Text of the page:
The decision to conduct this HFE was made after careful consideration of sediment resources as well as potential impacts to other resources downstream of Glen Canyon Dam. Consultation with basin states, American Indian tribes, federal and state agencies, as well as input from Glen Canyon Dam Adaptive Management Program stakeholders, were also critical to the Department of the Interior’s decision to conduct the experiment.
High-flow experiments benefit the Colorado River ecosystem through Glen and Grand Canyons by moving sand in the river channel and re-depositing it in downstream reaches as sandbars and beaches. Those sandbars serve as camping beaches for recreationists, supply sand needed to protect archaeological sites, and provide habitat for wildlife.
Because the river will be carrying a greater volume of water than usual, the high-flow experiment will also change the size and availability of campsites along the Colorado River. Most campsites will be smaller, and some particularly low lying campsites may not be usable. The Grand Canyon Monitoring and Research Center has maps of campsites showing modeled shorelines at 41,000 cfs available online at: https://usgs.maps.arcgis.com/apps/webappviewer/index.html?id=721001c63d91458883340f05c68c55f4
The area available for camping will be smaller at most sites, and river users and backpackers may have to set up tents closer to one another than they would during typical flows. It is important to follow Leave No Trace principles and travel and camp on durable surfaces during this high-flow experiment. Durable surfaces include bare sand above the high flow line, sites where people have previously camped and established trails.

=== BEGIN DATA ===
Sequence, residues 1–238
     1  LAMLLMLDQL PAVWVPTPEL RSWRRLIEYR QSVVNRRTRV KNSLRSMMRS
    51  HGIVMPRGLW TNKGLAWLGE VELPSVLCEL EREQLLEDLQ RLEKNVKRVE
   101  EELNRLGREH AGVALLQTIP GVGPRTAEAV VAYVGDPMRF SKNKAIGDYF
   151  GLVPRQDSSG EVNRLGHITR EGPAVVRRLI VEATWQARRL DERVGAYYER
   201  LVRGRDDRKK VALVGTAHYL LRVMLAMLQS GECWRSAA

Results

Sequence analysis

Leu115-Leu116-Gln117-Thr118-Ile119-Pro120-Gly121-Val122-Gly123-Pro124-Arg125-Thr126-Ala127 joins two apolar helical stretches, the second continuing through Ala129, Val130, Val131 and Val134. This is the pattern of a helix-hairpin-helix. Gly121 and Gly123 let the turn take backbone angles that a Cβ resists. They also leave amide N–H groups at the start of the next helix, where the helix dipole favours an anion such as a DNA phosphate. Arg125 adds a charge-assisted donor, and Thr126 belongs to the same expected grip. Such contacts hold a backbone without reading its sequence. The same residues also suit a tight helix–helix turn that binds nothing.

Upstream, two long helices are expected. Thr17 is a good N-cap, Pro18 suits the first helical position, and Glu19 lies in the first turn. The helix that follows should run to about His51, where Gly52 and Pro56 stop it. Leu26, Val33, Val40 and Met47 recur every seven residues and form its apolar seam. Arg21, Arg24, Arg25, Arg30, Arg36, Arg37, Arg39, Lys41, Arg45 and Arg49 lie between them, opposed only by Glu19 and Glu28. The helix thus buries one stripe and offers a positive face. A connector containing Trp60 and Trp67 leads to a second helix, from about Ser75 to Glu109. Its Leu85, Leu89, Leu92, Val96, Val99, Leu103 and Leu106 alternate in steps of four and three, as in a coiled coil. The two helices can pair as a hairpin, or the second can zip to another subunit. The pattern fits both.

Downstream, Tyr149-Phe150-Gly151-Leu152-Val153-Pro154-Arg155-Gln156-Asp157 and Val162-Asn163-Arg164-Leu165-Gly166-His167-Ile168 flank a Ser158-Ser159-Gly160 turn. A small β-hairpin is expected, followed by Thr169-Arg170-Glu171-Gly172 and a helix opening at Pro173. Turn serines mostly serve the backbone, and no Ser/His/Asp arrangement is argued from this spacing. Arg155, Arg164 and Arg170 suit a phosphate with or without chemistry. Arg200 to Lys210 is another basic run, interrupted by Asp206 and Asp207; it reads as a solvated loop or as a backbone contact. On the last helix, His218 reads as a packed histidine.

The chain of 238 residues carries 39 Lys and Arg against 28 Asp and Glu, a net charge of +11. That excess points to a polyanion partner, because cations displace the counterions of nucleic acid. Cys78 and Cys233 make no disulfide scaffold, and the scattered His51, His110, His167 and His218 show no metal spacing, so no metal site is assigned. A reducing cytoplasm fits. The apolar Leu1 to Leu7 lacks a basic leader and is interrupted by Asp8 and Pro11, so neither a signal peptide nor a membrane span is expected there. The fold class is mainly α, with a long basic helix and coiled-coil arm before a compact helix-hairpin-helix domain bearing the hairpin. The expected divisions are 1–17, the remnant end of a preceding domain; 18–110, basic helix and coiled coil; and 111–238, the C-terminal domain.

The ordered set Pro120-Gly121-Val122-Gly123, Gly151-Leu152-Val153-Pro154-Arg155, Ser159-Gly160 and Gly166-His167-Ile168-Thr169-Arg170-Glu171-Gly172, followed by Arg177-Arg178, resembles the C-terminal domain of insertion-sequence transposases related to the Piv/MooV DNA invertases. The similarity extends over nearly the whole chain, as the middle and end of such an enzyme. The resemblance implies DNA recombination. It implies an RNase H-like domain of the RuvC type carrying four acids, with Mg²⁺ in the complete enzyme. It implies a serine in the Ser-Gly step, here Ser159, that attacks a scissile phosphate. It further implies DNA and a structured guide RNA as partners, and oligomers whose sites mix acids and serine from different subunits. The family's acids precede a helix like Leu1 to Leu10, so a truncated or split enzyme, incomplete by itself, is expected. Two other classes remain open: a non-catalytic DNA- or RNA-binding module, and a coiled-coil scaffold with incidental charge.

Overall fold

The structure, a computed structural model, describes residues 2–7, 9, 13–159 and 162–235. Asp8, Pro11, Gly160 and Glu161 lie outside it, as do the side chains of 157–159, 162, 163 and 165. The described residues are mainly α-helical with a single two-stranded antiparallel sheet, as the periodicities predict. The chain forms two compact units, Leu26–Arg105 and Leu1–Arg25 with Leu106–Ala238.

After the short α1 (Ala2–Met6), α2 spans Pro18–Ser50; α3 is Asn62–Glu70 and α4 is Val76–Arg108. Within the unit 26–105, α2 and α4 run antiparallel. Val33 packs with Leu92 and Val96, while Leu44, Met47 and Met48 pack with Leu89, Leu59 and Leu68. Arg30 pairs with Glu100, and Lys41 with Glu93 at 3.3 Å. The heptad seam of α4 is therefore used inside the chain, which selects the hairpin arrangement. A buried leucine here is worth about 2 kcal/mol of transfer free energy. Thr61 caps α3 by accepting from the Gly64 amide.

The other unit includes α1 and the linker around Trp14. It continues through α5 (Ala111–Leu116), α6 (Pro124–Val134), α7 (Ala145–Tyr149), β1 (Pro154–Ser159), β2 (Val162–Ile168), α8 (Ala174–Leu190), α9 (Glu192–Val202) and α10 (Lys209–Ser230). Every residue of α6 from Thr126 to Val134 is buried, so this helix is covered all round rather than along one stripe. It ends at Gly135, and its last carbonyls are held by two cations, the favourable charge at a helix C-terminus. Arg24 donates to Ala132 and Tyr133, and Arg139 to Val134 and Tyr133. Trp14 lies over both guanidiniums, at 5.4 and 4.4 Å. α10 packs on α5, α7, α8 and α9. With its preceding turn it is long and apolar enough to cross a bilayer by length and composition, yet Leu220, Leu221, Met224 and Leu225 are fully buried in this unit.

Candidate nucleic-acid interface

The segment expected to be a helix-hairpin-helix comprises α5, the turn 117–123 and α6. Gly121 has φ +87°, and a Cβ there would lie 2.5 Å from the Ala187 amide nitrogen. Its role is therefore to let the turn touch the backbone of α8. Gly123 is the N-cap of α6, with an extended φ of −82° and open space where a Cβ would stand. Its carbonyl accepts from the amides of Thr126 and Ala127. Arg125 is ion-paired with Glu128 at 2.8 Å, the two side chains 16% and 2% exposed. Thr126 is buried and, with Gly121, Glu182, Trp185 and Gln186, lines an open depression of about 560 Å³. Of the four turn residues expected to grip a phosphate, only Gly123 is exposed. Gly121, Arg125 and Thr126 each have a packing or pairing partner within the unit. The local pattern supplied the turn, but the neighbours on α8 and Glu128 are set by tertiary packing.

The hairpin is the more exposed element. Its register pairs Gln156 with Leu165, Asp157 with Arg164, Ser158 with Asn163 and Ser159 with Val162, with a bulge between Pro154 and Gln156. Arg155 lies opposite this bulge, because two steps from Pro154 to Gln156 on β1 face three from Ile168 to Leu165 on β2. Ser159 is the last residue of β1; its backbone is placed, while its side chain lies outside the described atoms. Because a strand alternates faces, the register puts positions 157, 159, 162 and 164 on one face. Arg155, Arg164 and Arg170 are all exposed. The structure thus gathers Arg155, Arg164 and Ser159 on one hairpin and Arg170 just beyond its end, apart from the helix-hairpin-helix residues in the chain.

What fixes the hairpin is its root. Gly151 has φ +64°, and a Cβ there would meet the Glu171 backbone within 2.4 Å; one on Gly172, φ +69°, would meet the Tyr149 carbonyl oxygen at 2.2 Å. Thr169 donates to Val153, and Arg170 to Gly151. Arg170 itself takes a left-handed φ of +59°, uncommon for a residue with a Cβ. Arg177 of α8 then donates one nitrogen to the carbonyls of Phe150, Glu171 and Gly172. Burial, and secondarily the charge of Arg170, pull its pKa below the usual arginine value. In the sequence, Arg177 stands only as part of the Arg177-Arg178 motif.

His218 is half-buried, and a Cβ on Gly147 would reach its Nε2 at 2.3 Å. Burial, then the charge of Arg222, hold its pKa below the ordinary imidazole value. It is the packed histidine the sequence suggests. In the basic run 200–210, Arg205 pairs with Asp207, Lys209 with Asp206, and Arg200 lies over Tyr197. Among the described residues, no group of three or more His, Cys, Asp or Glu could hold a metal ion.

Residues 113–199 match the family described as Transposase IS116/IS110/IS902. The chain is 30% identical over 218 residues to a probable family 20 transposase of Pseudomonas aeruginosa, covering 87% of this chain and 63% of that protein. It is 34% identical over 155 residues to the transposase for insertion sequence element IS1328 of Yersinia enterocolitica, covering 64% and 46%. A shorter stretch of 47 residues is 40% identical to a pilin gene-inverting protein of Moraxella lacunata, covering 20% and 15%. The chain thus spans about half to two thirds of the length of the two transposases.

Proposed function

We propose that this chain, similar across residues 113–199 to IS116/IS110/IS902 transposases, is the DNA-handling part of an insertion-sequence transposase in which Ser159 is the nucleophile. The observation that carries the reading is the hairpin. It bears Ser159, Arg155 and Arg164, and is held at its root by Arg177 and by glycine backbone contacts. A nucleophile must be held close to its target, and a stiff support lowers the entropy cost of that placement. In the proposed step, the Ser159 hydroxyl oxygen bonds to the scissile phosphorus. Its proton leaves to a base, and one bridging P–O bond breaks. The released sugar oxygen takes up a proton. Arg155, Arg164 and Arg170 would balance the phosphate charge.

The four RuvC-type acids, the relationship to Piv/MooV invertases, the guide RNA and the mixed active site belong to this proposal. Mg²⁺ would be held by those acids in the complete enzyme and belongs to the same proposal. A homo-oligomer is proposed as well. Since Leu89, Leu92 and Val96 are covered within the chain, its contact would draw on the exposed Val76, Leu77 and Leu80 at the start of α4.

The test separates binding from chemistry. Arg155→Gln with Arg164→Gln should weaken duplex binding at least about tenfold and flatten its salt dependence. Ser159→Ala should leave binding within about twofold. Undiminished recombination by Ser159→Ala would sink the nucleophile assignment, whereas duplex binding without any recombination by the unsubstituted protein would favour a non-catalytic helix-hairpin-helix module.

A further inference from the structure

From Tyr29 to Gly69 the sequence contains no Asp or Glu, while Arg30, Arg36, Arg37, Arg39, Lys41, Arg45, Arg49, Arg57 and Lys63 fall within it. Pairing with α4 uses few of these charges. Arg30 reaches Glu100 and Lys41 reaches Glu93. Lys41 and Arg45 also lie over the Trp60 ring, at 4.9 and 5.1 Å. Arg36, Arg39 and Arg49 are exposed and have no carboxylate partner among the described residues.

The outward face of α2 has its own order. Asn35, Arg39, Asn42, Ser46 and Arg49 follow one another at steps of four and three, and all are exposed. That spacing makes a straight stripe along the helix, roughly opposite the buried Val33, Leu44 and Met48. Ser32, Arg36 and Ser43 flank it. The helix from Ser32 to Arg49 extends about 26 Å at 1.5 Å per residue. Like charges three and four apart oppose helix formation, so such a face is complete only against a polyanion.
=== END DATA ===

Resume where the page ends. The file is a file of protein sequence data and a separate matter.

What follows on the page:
Please Do Not Establish Camps in the Pre-dam Old High-water Zone
which is marked by mesquite, catclaw acacia, and netleaf hackberry on rounded sandy slopes or higher sand terraces.
The old high-water zone is especially fragile because it no longer receives moisture, sand or nutrients from natural annual floods that reached over 100,000 cfs prior to the construction of Glen Canyon Dam and is not replenished by experimental high flows.
Damage to root systems from soil compaction and erosion and to biological soil crusts by camping or social trails may be irreversible due to the extremely fragile nature of the old high-water zone.
"It’s really important that you identify the historic high water line and encourage your entire group to camp below it."
View more chapters of the park's non-commercial river trip orientation video here or on YouTube
River users and backpackers are encouraged to communicate with each other and with river rangers about available campsites in order to protect the canyon's resources and to ensure a quality experience for everyone in the river corridor during the high flow and for those who follow.
Long Term Experimental and Management Plan (LTEMP)
The LTEMP provides a framework for ongoing experiments and management actions, including a framework for using dam operations to release high flows following tributary deposits of new sand into the main channel of the Colorado River. It was developed by the Department of the Interior pursuant to the National Environmental Policy Act based on the best available scientific information developed through the Glen Canyon Dam Adaptive Management Program and other sources of information.
The HFE builds on a wealth of scientific knowledge gained from more than 16 years of extensive scientific research, experimentation, and analysis, including analysis of a series of previous high-flow experimental releases in 1996, 2004, 2008, 2012, 2013, 2014, and 2016. The HFE and other actions in LTEMP are intended to provide additional data essential to inform and refine future management decisions for the management of the Colorado River through 2036.
This experiment will help scientists and managers better understand whether multiple higher flows created by releasing water from Glen Canyon Dam can be used to rebuild eroded beaches downstream.
Colorado River sandbars within the Grand Canyon provide habitat for wildlife, serve as camping beaches for recreationists, and supply sand needed to protect archaeological sites. High flows may also create backwater areas used by young native fishes, particularly the endangered humpback chub.